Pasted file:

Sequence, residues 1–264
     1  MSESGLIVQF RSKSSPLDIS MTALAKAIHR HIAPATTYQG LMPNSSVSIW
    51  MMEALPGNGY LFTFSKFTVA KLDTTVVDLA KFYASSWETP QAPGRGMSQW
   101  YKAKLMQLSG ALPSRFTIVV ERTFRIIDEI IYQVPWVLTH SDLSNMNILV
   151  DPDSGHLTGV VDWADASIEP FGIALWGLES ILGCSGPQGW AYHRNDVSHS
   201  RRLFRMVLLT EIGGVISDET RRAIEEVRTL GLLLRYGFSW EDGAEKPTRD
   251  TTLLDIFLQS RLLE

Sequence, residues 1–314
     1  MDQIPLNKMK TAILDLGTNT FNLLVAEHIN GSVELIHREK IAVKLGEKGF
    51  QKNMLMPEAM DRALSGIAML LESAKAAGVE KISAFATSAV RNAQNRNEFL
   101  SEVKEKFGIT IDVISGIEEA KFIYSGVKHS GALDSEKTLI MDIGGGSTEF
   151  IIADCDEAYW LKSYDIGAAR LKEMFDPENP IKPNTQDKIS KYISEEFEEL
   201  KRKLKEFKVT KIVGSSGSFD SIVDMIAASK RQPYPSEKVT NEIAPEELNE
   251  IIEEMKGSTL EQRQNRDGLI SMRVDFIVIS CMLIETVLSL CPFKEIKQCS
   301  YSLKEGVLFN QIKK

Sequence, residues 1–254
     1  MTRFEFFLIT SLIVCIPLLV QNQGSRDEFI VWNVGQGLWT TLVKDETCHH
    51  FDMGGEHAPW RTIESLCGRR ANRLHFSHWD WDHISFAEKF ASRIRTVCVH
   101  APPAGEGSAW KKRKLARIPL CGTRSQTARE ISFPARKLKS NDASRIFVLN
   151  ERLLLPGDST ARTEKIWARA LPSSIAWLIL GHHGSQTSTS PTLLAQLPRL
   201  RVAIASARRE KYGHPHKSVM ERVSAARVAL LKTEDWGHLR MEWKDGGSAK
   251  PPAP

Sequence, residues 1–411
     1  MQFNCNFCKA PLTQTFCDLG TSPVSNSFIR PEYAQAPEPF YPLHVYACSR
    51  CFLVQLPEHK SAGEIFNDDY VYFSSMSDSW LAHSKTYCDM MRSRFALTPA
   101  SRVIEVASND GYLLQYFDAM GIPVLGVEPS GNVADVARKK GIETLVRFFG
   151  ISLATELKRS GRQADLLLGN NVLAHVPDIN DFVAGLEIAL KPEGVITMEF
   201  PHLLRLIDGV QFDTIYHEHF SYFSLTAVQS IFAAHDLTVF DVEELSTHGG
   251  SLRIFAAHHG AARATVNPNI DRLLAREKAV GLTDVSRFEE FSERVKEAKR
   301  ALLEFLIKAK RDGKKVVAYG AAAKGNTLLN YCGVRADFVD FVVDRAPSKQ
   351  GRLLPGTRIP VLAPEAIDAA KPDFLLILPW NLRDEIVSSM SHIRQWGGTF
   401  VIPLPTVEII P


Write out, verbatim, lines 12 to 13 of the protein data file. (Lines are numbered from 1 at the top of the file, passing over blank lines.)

   151  IIADCDEAYW LKSYDIGAAR LKEMFDPENP IKPNTQDKIS KYISEEFEEL
   201  KRKLKEFKVT KIVGSSGSFD SIVDMIAASK RQPYPSEKVT NEIAPEELNE